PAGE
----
Douglas Southall Freeman (1886-1953) was one of America’s best historians and biographers. Widely known for his in-depth, comprehensive research, he was among a small group that brought historical research into the modern era (but pre-computer/digital research). He is best known for his four-volume biography of Robert E. Lee, three volumes on Lee’s Lieutenants, and his seven-volume biography of George Washington (the last volume written by John Alexander Carroll and Mary Wells Ashworth, based on Freeman’s research). He won a Pulitzer for his Lee biography and won another posthumously for his Washington series.
I had previously read the 2 1/2 volumes of George Washington related to the American Revolution but now decided to attempt the entire seven volumes. This is partly for research into my next Hamilton tome but also for enjoyment as most of the series is not directly related to my current project.
I was pleasantly surprised by the “Introduction” to the first volume. In addition to explaining the purpose of the series and a bit about Washington’s early life and ancestry, he goes into his perspective on how history and biographies should be written when there is doubt regarding the facts. As any reader of Alexander Hamilton: The Formative Years knows, the doubts regarding Alexander Hamilton’s life and predecessors are even greater than those with Washington.
Here are some quotes from Douglas Southall Freeman’s “Introduction” to the first volume of his seven-volume George Washington biography, which I think are great tips for any historian or biographer to follow:
It has seemed best to confine the narrative to the passing event and neither to refer to later occurrences in the life of Washington nor to make comparisons with them. The aim has been to portray him, year by year, through each new experience, as if nothing were known and nothing were certain about his future. If this has excluded some analogies that might be interesting, it likewise has saved on from an overready assumption of cause and effect. When one does not anticipate, one is less apt to theorize. (p. xviii)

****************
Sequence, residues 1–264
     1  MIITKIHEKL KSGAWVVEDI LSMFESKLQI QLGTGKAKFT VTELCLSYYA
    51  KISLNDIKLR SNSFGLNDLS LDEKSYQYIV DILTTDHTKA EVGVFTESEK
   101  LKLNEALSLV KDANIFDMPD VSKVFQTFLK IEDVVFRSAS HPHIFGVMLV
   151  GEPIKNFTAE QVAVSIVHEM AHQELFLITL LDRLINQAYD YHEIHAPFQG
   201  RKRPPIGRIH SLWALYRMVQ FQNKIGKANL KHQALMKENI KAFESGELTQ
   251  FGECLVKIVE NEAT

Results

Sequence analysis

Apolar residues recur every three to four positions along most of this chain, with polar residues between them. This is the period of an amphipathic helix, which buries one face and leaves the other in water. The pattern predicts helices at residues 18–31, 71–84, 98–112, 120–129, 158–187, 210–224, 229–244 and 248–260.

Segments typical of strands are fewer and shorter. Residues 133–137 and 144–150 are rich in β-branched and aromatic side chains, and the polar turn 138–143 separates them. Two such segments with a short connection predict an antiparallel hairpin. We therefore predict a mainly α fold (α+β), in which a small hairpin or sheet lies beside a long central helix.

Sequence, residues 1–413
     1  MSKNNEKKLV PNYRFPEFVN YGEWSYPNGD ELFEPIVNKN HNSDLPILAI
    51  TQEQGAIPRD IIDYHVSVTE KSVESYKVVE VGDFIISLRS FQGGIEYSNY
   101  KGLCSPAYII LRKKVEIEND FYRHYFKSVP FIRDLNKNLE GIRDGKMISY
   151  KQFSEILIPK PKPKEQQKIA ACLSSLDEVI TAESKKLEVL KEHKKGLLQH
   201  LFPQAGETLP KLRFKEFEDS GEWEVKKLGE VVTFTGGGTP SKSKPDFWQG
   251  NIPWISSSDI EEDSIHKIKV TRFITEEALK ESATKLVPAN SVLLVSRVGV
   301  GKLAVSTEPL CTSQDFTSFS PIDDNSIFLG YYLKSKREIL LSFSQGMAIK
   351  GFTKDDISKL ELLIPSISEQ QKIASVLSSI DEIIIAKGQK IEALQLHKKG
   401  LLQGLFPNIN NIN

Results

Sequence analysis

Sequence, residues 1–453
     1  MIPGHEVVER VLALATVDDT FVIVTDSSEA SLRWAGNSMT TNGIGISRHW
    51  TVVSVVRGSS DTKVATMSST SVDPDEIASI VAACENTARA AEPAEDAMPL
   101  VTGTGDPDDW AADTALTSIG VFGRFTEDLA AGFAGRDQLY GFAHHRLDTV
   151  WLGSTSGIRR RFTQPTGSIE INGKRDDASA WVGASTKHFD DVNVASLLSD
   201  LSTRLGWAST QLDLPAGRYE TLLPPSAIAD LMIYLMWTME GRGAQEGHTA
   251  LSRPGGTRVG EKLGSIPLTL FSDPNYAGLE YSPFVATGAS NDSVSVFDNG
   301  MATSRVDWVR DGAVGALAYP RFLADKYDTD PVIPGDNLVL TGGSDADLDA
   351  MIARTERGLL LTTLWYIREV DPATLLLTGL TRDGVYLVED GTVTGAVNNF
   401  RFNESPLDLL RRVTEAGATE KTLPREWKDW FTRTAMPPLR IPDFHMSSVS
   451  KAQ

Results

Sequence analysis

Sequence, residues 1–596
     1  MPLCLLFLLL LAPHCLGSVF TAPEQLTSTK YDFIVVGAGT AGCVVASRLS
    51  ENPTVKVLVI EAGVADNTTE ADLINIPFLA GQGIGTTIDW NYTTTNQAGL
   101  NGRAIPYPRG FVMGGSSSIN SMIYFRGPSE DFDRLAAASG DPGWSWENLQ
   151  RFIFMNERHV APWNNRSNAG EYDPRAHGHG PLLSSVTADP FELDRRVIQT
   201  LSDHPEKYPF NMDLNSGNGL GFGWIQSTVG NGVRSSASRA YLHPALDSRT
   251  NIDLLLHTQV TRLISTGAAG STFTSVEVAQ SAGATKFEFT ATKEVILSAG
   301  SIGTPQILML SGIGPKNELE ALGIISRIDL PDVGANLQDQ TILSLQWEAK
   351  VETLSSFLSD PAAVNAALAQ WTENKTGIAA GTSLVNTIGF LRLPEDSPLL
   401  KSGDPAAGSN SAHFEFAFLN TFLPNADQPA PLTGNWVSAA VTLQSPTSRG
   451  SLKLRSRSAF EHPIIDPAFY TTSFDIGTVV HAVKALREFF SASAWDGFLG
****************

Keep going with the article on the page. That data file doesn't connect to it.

Regarding “traditions and myths” that may be “valid, probable or manifestly untrue,” Freeman concludes:
It is better to disappoint than to deceive. (p. xx)
In other words, Freeman disagrees with those biographers who to sell books present every fascinating tale without regard to truth. Accuracy is primary, telling a good story is secondary.
Freeman then discusses the trouble of how to present uncertainties:
The mildest signpost of the probable, as set off from the known, was the use of “apparently,” “doubtless,” “it seems,” or “no doubt.” These monitory words are embarrassingly few in the English language and they are employed with tedious frequency in this work… The alternative was the worse fault of failing to draw the line between fact and what one believed to be fact. With respect to some issues, it has been necessary to enter a blunt caveat because the evidence is disputable or contradictory. (p. xxi)
There is much more in Freeman’s “Introduction” that the historian/biographer may find of interest, including his thoughts on when and how to modernize archaic spelling, grammar, and punctuation; the term(s) to be used when speaking of the book’s subject (Washington, George, the General, etc.); when and how to introduce supporting characters in the story.
I am pleased that I find myself largely in agreement with Freeman on all these points. This could partly because I had already read 2 1/2 volumes of his work a few years back and was highly impressed. It could also be because I have discovered these same difficulties in researching and writing about Hamilton, and like Freeman decided that accuracy and precision is more important than including fictional or dubious stories. Even if you don’t like Freeman’s matter-of-fact writing style or believe that telling a good story is more important than accuracy, you certainly will learn a thing or two by reading some Douglass Southall Freeman.